Judy Rogers: One of the first acts of the Vision council was to fire former City Manager Judy Rogers. Countless magazines and media publications referred to her as one of the brightest public servants in the province. She ended up receiving over half a million dollars in severance and had a gag clause imposed upon her as part of the agreement.
Ark Tsisserev: Up until January 21st, 2010, Ark worked as the City's Chief Electrical Inspector. Mayor Robertson then chaired a meeting in which Ark was removed from his post. Soon after senior staff took away his laptop and keys and brought him to the front door. He then hired a lawyer and settled out of court with the city for an undisclosed amount of money. Questions remain as to what led to his dismissal.
Sue Mundick: Rumours persisted for months prior to her departure that Mundick was fed up with all the nano-managing coming out of the City Manager's office. Then only months before the Games, she finally announced she was leaving City Hall for good. The debate rages over at the Park Board as to whether they have any autonomy left under this new Vision government.
Donald Macpherson: He was the architect of the City's internationally acclaimed Four Pillars Drug Strategy which is now being emulated around the world. He called it quits and announced he was going to work in the private sector. This was shortly after a decision was made to restructure his department and give it a much lower profile within City Hall. As a result, the Four Pillars Strategy is now in tatters.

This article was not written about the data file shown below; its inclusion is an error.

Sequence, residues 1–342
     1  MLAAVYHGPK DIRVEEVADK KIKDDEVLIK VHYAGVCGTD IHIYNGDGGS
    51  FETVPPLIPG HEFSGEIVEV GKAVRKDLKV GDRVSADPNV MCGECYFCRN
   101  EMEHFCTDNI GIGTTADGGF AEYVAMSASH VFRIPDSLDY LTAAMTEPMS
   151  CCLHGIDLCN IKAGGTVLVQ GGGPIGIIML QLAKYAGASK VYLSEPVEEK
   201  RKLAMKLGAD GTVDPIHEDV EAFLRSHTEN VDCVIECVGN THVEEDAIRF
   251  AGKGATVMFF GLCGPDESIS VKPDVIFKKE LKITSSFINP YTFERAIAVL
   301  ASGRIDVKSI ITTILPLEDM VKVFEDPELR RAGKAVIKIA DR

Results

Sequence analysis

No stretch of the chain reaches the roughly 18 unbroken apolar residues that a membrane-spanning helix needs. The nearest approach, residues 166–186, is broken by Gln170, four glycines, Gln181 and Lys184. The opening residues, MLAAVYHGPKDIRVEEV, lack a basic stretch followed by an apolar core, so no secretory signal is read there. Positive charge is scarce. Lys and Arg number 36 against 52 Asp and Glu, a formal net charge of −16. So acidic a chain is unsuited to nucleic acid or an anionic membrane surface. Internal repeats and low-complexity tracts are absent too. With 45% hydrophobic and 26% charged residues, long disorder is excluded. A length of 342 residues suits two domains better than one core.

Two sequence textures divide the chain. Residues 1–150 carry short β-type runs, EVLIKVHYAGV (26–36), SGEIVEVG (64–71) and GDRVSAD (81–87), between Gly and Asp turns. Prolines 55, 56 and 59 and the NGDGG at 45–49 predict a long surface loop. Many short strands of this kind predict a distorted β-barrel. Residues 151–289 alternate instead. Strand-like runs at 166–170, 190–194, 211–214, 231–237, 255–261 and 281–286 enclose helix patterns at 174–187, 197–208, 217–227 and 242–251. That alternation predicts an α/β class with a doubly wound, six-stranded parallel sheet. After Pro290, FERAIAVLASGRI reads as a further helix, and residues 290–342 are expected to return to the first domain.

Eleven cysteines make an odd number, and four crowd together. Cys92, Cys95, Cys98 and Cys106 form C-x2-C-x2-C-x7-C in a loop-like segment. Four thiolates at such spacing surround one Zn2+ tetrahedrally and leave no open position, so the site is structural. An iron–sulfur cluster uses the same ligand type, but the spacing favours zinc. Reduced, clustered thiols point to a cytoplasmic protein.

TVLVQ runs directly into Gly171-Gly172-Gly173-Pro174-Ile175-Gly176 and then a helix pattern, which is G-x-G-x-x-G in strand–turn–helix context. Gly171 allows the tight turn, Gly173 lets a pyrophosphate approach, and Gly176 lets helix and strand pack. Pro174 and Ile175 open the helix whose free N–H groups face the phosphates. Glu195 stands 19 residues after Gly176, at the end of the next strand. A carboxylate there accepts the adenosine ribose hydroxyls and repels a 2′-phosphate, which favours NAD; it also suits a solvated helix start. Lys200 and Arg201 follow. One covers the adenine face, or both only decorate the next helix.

Cameron Gray: He was the top guy in the City responsible for ending homelessness through the construction of new social housing. You could argue that he was simply about to retire regardless of which government was in power. However, his departure came at a time when the new Vision government announced it wanted to make homelessness a top priority. Gray was known to oppose a quick fix policy of simply pouring dollars into expanding shelters, favouring a focus on long-term housing solutions instead.
Mike Zora: As Human Resources Manager for the City during the 2007 labour dispute, he was regularly under attack by the CUPE leadership in Vancouver. Mike announced that he was packing up his bags in 2009.
Kevin Ramsay: He took over from Zora to become the City's new head of Human Resources. He wasn't in the position long before shocking everyone with his announcement that he was quitting to accept the position of Chief Administrative Officer for the City of Squamish. If I recall correctly, he left just after the decision came down from Vision to pull Vancouver out of the Metro Vancouver Labour Relations Bureau.
A big THANK YOU from CityCaucus.com goes out to all the city staff (both currently employed and departed) who helped make the Games a real success! I understand that many of you put in countless hours and spent time away from your families over the last number of years to make this event a reality. You deserve a lot of credit for all the work you did both on site and behind the scenes! Kudos to all of you.
- post by Daniel